Dr. Gary W. Rubloff
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All materials at this site are copyrighted 2003 by the University of Maryland
1996-2003, all rights reserved

Fall 2000: Evolution of Copper Interconnect

 

Instructions

Overview

Instructions

Organization

Teams

Results

 

Return to Teaching

Problem statement
The instructor identified a specific problem area for the course design project, that of the evolution of copper interconnect technology and integration in the semiconductor industry.  The industry is undergoing a paradigm shift in interconnect technology copper-based metallurgy and low dielectric constant (low-K) materials as insulators, because copper (Cu) lowers the resistance of the wires and low-K dielectrics reduce the capacitance of the wires.  

The realities of these materials and process changes force other major changes in manufacturing.  First, the processes change dramatically.  For Cu-based metallurgy, this forces an emphasis on Cu electroplating, Cu chemical vapor deposition (CVD), and CVD of ultrathin barrier layers.  For low-K dielectrics, both spin-on wet chemical deposition and enhanced CVD are important candidates, with major challenges in their extendibility to increasingly lower K values, materials stability, and reliability.  Second, the new processes require development of new approaches to manufacturing equipment design, incorporating not only multichamber (multi-reactor) "cluster tools", but also fundamental advances in reactor design.  Third, the limitation of dry etch processes for Cu metallurgy has demanded a new strategy for process integration, namely Damascene processing, with profound consequences on equipment design and integration.  Implementing these profound changes in materials, processes, equipment, and integration has been a major focus of the National and International Technology Roadmap for Semiconductors.

With this backdrop, the instructor focused the technology domain of the course on key aspects of how the Cu Interconnect Revolution will evolve, not only in terms of the technology but primarily the systems-level aspects which determine the evolution.  The focal point became the transition from first-generation metallization strategy, including physical vapor deposition (PVD) of the barrier layer and Cu electroplating, to the expected all-CVD combination, including CVD of both barrier layer and Cu fill.  Much of the industry expects this transition to occur ultimately, but time scales and details are unclear.  However, it is clear that technology, manufacturing cost, and manufacturing efficiency will all steer the evolution of the Cu interconnect era.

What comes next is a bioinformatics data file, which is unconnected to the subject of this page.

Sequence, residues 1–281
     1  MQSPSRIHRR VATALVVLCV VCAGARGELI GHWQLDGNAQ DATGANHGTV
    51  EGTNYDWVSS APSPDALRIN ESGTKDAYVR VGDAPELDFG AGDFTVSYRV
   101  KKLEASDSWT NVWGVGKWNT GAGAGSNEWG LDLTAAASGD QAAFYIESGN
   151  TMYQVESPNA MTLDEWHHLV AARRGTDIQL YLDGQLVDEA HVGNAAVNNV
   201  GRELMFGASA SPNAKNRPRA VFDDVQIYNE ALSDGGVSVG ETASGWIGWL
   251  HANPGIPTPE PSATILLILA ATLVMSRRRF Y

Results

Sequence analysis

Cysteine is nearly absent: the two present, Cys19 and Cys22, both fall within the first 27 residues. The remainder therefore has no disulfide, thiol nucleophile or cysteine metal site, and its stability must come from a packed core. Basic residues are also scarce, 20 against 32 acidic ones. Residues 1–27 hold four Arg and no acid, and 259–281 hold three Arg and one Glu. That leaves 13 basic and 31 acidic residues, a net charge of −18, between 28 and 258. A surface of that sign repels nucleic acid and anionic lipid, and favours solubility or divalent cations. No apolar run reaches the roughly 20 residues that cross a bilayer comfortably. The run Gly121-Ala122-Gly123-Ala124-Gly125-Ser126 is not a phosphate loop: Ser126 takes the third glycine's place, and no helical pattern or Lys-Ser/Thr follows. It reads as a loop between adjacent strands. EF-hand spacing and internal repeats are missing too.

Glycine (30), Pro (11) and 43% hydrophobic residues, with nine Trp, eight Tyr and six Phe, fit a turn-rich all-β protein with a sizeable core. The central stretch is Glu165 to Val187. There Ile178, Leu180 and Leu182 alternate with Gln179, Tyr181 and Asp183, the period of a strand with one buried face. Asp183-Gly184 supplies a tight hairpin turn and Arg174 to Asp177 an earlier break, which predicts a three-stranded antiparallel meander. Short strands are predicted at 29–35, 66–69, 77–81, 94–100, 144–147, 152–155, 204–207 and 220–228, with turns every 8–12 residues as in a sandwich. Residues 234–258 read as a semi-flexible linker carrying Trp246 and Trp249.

The project emphasized materials and processes, equipment design and logistics, factory-level logistics, and cost-of-ownership considerations, as well as the overall development of the project itself.  Each of these topics was the responsibility of a team in the class.  It was intended that the profound impact of this problem on semiconductor technology and its relevance to research interests at the University of Maryland would enhance the realism and meaning of the course experience for both systems and materials students.

Operations
Project teams were expected to meet regularly, outside of class as well as in class, to pursue their responsibilities. Team update presentations were given to the entire class several times through the course. Part of the class time, particularly earlier in the course, was devoted to lectures aimed at conveying key technology concepts and the relevance of systems engineering, particularly to that technology. The rest of class time was devoted to team meetings, with the instructor circulating between them, and to full-class discussions on the entire project, moderated by the instructor.

Expectations
Primary course deliverables were:
Final presentation, structured as an executive overview
Final report, prepared as a Word document

Both are available at this site.

A final exam concentrating on the key issues of the project was given as a take-home individual exercise. Grading was 40% team project, 40% individual contributions to project and class participation, and 20% final exam.